Source: Florida Fish and Wildlife Conservation Commission
What is Red Tide?
A red tide is a harmful algae bloom caused by a higher-than-normal concentration of a microscopic algae. In saltwater marine environments along Florida’s west coast and elsewhere in the Gulf of Mexico, the species that causes most red tides is Karenia brevis, often abbreviated as K. brevis. The naturally-occurring phenomenon has been documented in the southern Gulf of Mexico as far back as the 1700s, and along Florida's Gulf coast in the 1840s.
As red tide blooms approach coastal areas, breaking waves can cause the toxins to mix with airborne sea spray. People in coastal areas can experience varying degrees of eye, nose, and throat irritation. When a person leaves an area with a red tide, symptoms usually go away. People with severe or chronic respiratory conditions such as asthma or chronic lung disease are cautioned to avoid areas with active red tides.
Clean Up Efforts by Hillsborough County
- Hillsborough County is actively monitoring County beaches and nature preserves adjacent to Tampa Bay which include Wolf Branch Creek and Cockroach Bay.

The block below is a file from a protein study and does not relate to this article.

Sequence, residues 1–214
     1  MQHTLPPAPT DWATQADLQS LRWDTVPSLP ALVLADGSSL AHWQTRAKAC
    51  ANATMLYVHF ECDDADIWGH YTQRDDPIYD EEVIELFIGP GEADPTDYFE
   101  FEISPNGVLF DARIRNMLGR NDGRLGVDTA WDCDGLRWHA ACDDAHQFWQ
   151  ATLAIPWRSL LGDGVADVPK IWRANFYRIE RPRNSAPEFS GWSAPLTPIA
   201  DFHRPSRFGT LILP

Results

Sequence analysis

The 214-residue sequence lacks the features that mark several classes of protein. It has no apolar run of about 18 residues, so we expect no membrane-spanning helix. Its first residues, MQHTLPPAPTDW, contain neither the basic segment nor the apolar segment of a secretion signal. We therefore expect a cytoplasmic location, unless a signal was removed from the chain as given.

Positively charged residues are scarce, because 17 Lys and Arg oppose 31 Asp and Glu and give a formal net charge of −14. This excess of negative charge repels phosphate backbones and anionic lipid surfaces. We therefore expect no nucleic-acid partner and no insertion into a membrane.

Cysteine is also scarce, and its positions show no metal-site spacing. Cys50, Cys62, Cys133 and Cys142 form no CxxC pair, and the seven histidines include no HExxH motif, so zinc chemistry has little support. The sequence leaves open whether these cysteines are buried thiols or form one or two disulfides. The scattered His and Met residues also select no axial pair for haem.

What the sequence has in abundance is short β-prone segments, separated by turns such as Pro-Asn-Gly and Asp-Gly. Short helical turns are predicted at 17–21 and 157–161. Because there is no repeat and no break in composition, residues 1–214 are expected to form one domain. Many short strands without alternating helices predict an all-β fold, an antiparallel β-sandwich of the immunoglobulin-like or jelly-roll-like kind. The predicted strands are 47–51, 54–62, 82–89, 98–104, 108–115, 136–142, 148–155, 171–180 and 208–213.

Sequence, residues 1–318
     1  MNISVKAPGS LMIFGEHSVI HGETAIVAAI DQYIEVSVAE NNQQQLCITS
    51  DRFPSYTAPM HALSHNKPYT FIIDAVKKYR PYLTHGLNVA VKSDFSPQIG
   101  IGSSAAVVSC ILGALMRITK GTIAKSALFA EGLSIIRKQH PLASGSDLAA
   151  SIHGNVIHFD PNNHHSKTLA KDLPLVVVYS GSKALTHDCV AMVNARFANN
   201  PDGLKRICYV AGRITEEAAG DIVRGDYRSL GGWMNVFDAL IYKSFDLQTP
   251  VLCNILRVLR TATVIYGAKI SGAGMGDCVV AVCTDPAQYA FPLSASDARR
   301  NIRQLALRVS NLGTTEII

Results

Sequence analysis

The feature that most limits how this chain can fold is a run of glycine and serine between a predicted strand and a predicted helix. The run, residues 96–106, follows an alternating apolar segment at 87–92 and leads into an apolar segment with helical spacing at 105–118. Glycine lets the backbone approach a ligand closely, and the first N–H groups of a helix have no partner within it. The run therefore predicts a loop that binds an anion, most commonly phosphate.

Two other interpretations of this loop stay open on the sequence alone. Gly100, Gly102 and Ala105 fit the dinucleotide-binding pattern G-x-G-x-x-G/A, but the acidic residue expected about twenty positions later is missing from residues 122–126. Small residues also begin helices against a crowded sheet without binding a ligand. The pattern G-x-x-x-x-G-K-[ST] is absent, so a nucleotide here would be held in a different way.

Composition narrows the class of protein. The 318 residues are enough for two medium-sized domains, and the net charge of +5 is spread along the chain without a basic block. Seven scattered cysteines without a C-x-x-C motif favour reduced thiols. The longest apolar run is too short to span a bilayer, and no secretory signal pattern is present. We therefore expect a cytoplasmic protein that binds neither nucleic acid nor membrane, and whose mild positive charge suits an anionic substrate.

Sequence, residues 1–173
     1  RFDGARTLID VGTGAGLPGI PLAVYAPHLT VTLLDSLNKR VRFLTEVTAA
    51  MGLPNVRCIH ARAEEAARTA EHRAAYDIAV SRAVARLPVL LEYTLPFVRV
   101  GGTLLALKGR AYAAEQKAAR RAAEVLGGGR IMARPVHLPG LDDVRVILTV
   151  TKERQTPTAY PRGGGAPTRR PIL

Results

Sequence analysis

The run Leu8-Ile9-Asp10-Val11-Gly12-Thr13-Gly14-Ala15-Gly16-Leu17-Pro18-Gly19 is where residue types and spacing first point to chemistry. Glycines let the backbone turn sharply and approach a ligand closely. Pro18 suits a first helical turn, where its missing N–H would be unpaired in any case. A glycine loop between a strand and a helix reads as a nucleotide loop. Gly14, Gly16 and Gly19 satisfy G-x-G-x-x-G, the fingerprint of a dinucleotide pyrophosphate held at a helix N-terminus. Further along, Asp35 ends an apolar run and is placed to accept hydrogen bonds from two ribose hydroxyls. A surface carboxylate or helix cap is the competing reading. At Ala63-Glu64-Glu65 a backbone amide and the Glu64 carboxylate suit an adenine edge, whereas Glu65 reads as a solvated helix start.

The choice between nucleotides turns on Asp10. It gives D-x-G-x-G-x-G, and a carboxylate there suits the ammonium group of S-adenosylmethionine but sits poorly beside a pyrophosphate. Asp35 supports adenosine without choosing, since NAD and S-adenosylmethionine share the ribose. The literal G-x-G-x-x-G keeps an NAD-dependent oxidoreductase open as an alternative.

Does Hillsborough County have a plan to place waste bins at several locations along local waterways or private canals?
- Can waste be taken to the County’s solid waste locations? YES
- The County has contracted with a vendor to clean local waterways, beginning with the most affected areas
Status of Public Beaches in Unincorporated Hillsborough County
Resources for Residents and Visitors
- Florida Fish & Wildlife Conservation Commission
- NOAA Harmful Algal Bloom Operational Forecast System
- Mote Marine Laboratory beach conditions report
- Florida Department of Health Red Tide Information
- Florida Department of Agriculture and Consumer Services Shellfish Area Harvesting Status
Resources for Businesses
- Red Tide Recovery Marketing Program
- Florida Small Business Emergency Bridge Loan Program
- SBA Disaster Assistance Offered to Florida Small Businesses
Report Fish and Wildlife Impact
- Fish Kill Hotline: Florida Fish & Wildlife Conservation Commission, (800) 636-0511. Or submit a report online.
- Wildlife Alert Hotline: (888) 404-3922